Can't convert usize to u64?


#1

I’m surprised that this code is not supported:

fn main() {
    let a = 1usize;
    let b:u64 = a.into();
}

I have to deal with code that due to FFI calls and structs uses a mix of usize/u64/size_t, and I’d like to convert between these types with correctness checked by the compiler, so I don’t want to use as anywhere.

So why isn’t into() supported on a 64-bit platform where that conversion is a no-op?


#2

What would into() do that as doesn’t already?


#3

We don’t want to make it such that it’s easy to accidentally make code that compiles on 64 bit targets but not 32 bit targets without realizing.


#4

.into() catches wrong conversions at compile time. as causes bugs at run time.

For example if I have foo as bar, and bar type is too small, the as will still proceed and cut bits off without a warning, which is likely to cause a bug at run time. OTOH foo.into() will not compile if bar type is too small.


#5

I don’t see how it’s a problem for 32-bit targets. When usize is u32 it can be safely and losslessly converted to u64.


#6

For example if I have foo as bar, and bar type is too small, the as will still proceed and cut bits off without a warning, which is likely to cause a bug at run time. OTOH foo.into() will not compile if bar type is too small.

Personally this doesn’t seem like a very significant pitfall to me.

I don’t see how it’s a problem for 32-bit targets. When usize is u32 it can be safely and losslessly converted to u64.

But it can’t be losslessly round-tripped. If I’m on a 32-bit target, and I do:

// on 32-bit target
let foo = std::usize::MAX;
let mut bar: u64 = foo.into(); // just sign-extended
bar += 10; // it's a u64 so this is fine
let baz: usize = bar.into(); // uh-oh, we just wrapped

At least to me it doesn’t make sense to provide Into<u64> for usize but not Into<usize> for u64, which would be needed if you want calls to into() to be statically guaranteed as lossless.

However, you may be interested in turning clippy warnings on for this so that you will have to explicitly ignore cases where the behavior is intended:


#7

I don’t know, but I would guess this is for future proofing the language. If rust is around for as long as C has been around, then it will probably see CPUs where a usize is 128bits, in which case the conversion from usize to u64 won’t be trivial.


#8

But how? Let’s see:

  • If foo.into() converted usize to u64:

    • In 64-bit usize — works correctly.
    • In 128-bit usize — does not work correctly, but catches the invalid conversion at compile time.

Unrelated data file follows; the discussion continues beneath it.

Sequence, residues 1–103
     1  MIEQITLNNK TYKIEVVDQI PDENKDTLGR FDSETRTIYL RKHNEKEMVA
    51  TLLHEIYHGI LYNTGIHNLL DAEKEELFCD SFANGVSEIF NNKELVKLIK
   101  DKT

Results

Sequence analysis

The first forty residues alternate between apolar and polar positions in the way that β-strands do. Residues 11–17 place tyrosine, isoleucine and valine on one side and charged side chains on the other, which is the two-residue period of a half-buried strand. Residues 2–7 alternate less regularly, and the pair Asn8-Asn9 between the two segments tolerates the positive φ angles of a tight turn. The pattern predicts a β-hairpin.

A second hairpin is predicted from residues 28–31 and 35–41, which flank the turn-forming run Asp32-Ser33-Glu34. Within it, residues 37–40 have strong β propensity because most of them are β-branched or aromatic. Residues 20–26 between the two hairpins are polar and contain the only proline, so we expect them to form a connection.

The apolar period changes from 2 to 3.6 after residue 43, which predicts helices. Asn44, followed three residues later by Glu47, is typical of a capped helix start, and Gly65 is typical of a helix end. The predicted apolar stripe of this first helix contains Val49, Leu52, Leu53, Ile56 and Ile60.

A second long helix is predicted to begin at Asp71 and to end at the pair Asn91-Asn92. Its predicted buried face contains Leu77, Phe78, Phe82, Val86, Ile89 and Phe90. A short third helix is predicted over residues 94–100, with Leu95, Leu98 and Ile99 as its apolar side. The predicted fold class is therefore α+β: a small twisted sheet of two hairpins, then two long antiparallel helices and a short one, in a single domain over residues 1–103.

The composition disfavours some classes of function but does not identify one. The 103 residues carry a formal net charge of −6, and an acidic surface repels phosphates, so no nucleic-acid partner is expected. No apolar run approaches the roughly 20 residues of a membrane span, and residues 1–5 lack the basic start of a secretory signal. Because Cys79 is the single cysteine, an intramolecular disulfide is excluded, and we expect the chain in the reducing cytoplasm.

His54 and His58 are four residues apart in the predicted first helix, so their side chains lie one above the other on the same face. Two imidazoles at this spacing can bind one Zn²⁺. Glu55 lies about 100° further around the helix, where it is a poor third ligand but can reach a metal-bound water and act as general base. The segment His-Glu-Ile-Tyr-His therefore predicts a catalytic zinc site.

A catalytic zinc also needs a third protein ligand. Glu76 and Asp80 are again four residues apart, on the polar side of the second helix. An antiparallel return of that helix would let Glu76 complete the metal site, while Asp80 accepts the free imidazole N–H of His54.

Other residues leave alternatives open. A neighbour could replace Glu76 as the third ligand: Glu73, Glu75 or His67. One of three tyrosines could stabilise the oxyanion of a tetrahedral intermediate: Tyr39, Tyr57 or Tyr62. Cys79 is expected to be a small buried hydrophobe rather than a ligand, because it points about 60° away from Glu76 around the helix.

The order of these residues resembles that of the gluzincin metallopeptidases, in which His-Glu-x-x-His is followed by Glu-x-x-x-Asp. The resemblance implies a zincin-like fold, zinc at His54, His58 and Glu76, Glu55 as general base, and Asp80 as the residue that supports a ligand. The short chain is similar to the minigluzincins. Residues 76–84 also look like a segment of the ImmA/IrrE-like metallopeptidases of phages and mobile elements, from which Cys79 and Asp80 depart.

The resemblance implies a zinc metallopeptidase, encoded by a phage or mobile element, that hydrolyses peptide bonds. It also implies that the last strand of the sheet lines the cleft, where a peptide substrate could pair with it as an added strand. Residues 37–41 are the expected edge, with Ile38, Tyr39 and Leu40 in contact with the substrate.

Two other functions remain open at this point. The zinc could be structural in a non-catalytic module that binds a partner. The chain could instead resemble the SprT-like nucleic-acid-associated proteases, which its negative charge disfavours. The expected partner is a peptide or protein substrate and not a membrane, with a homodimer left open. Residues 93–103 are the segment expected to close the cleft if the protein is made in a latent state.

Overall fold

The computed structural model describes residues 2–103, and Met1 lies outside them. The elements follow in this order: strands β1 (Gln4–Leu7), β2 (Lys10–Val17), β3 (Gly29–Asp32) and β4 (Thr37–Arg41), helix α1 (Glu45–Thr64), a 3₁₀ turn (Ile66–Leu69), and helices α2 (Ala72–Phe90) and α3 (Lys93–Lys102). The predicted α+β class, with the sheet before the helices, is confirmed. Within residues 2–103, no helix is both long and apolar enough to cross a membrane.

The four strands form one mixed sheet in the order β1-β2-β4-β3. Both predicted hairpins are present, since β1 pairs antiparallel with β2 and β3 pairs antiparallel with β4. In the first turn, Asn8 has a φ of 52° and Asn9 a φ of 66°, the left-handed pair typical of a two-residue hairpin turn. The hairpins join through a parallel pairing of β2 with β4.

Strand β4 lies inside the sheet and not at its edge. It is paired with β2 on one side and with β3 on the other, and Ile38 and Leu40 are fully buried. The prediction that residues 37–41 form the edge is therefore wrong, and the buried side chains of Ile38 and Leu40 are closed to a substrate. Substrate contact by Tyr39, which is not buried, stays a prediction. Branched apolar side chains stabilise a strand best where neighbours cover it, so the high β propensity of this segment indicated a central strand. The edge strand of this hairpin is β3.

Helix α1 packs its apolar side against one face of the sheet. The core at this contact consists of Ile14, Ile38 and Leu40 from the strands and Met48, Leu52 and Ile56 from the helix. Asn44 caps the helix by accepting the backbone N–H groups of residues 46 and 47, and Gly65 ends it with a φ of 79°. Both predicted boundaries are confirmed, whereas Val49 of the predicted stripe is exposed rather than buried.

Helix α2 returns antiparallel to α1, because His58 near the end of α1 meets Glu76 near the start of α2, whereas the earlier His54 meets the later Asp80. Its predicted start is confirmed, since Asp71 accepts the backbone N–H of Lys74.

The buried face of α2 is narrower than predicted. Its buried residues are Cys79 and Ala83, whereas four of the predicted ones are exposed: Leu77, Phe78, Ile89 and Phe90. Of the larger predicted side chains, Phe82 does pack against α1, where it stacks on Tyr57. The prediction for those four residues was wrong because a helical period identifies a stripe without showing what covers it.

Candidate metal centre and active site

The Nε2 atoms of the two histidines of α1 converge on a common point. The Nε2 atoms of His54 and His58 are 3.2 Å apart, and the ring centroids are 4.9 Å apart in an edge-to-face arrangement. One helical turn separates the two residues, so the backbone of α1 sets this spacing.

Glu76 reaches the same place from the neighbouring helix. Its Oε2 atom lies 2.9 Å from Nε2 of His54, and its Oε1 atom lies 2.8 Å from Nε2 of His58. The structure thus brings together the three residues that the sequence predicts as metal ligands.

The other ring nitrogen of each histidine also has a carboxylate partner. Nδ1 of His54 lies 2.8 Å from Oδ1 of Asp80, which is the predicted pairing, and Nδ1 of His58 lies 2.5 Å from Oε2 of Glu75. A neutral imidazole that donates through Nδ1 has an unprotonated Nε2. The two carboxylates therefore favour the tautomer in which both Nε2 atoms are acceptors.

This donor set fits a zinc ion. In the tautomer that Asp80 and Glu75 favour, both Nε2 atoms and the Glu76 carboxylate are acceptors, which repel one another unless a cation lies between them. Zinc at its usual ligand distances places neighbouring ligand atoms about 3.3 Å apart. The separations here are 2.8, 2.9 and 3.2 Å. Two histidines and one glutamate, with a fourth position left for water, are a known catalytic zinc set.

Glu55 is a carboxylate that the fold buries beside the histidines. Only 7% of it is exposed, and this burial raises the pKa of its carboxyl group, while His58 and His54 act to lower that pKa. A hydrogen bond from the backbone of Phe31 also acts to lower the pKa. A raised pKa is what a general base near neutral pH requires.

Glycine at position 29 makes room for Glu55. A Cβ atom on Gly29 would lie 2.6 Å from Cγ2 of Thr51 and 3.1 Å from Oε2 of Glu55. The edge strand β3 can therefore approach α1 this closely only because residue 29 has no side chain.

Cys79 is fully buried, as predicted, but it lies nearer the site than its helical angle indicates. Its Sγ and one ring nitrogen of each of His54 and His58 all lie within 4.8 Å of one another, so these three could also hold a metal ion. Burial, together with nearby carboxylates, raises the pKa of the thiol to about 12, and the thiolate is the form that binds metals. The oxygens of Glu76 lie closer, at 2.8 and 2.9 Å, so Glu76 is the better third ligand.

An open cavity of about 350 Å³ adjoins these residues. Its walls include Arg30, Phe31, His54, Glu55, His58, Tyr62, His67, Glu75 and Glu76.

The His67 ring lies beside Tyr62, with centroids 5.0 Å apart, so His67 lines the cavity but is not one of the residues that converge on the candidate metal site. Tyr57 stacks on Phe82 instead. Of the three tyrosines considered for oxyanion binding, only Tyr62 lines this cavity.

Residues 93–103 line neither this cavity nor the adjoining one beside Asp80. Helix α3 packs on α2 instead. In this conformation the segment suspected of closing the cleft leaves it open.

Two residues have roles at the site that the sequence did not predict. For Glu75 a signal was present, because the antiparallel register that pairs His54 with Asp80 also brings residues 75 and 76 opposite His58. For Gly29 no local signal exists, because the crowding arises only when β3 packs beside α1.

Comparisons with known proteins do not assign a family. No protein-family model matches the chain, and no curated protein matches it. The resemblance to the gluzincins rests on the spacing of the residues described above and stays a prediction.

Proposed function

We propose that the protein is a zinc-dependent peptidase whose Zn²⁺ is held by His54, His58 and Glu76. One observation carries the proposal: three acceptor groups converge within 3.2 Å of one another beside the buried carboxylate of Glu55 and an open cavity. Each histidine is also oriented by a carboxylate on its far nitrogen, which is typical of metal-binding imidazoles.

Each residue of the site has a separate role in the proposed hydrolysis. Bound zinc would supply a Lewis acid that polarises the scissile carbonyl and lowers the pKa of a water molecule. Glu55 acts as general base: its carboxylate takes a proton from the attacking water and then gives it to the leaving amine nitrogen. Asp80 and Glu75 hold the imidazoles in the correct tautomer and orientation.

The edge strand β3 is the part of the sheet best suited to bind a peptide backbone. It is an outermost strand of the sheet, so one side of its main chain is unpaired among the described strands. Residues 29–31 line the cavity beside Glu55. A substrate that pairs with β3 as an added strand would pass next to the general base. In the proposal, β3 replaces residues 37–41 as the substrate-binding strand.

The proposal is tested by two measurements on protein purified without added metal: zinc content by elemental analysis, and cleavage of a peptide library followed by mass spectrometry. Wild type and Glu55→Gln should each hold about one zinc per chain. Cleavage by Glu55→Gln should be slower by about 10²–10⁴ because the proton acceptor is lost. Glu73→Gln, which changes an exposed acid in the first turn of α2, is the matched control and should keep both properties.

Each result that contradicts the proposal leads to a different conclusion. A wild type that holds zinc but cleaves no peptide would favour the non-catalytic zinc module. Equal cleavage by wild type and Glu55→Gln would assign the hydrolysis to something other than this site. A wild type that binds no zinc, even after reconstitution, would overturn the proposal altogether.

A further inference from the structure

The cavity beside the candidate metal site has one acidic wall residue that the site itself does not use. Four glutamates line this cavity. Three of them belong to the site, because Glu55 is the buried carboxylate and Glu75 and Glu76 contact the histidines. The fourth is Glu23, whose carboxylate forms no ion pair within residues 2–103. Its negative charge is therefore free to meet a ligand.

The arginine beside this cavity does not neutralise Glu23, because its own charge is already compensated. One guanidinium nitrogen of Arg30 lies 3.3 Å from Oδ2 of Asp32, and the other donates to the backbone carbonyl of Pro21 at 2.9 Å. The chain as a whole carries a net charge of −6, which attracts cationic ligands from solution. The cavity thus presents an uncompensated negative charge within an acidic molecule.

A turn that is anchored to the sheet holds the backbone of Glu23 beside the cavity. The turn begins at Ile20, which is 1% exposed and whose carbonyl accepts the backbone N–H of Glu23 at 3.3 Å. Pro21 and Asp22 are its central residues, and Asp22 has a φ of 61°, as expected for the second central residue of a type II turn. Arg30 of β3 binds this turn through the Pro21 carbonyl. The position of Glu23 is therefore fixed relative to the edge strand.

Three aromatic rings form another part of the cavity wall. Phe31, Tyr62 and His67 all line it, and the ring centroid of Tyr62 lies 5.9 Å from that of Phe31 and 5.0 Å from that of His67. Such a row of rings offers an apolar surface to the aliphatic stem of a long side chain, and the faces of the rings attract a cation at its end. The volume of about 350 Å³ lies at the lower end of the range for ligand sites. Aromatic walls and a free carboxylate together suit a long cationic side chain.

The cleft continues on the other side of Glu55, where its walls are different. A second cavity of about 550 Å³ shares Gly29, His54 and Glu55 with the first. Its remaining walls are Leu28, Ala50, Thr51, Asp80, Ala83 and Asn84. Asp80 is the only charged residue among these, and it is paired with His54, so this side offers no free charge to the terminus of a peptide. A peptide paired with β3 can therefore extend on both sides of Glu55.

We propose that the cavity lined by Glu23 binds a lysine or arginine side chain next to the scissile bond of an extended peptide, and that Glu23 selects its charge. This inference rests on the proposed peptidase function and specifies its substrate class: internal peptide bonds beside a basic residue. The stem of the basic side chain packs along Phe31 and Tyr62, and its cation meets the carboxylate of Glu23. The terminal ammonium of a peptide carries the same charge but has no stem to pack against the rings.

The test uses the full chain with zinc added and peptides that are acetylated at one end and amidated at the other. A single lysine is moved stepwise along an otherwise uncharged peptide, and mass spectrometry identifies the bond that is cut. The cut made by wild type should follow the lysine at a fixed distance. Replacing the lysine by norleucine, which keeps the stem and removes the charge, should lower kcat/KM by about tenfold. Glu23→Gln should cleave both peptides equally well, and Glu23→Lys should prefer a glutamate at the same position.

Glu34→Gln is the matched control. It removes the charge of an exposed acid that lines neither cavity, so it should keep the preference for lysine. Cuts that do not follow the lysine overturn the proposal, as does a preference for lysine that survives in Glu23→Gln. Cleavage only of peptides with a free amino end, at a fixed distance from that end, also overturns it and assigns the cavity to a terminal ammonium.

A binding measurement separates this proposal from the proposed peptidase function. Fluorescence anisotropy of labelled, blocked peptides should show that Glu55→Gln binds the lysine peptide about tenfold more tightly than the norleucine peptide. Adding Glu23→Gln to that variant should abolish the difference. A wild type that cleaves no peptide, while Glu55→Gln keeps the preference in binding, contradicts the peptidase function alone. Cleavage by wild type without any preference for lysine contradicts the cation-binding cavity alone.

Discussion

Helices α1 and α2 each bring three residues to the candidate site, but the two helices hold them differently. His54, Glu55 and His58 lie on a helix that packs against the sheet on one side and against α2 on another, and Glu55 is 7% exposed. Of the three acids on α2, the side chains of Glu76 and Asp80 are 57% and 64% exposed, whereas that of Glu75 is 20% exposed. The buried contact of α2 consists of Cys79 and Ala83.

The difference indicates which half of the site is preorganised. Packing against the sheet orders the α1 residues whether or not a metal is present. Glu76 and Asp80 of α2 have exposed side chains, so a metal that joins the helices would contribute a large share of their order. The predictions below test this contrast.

• If I have to use foo as u64

    • In 64-bit usize — works correctly.
    • In 128-bit usize — does not work correctly, but the compiler does not catch the invalid conversion. Produces buggy code without warning.

So a 128-bit usize would break this code no matter what. The only difference is that .into() can catch the bug, and as can’t.


#9

The difference is between future proofing of the language (or standard library) vs future proofing of your code. IMO a trait implementation in std should either be present for all platforms or for none. If a certain type is platform specific and if it is possible, that for a valid representation of that type the trait cannot be implemented, then it should not be done.


#10

The Into::into docs states: “this trait must not fail”, so Into<u64> for usize is not implemented so in future we can have usize with more tahn 64bits.


#11

For further reference, your complaint is exactly this:

And that referenced two other PRs:



#12

I don’t think there’s consensus that this would be actually a good thing. Suppose I’m dealing with numbers far smaller than u32::MAX, but I’ve been convinced that I need to use into() because its “safer.” Now my library may not compile on all platforms. In general, having traits like Into implemented inconsistently across platforms seems like it could be a bigger pitfall than as conversions.


#13

Haha, looks like it’s not the first time I ran into this problem :smiley:


#14

Heh, I didn’t even make the connection that it was your bug.


#15

Is this really a concern? 16 Exabytes is a lot of memory; it doesn’t seem likely that we’d ever (at least, while Rust is still relevant) want pointers this big, except maybe if we wanted a single address-space across multiple nodes (even then, only a few supercomputers have exceeded 1PB so far; ORNL’s new Summit has “more than 10 petabytes of memory” which still leaves a factor of 1000 before exhausting the 64-bit address space).


#16

I don’t really disagree, but I’m sure this was said about 4GB (32-bit max) a couple decades ago.


#17

Do keep in mind that pointers live in a virtual address space, which current operating systems use for mapping disk data as well as RAM. On the disk front, we are getting close to the exabyte scale in large data centers.


#18

Risc-V defines the RV128I 128-bit base integer instruction set, in which usize = u128. This is the size of a virtual address, so it could be encountered on a system with much less than 16 EB of memory by anyone with an emulated or real RV128I implementation.


#19

I think a better question is why isn’t there a u64: TryFrom<usize>


#20

Per https://arxiv.org/abs/1212.0703,

While 64 bit addresses are sufficient to address any memory that can ever be constructed according to known physics, there are other practical reasons to consider longer addresses.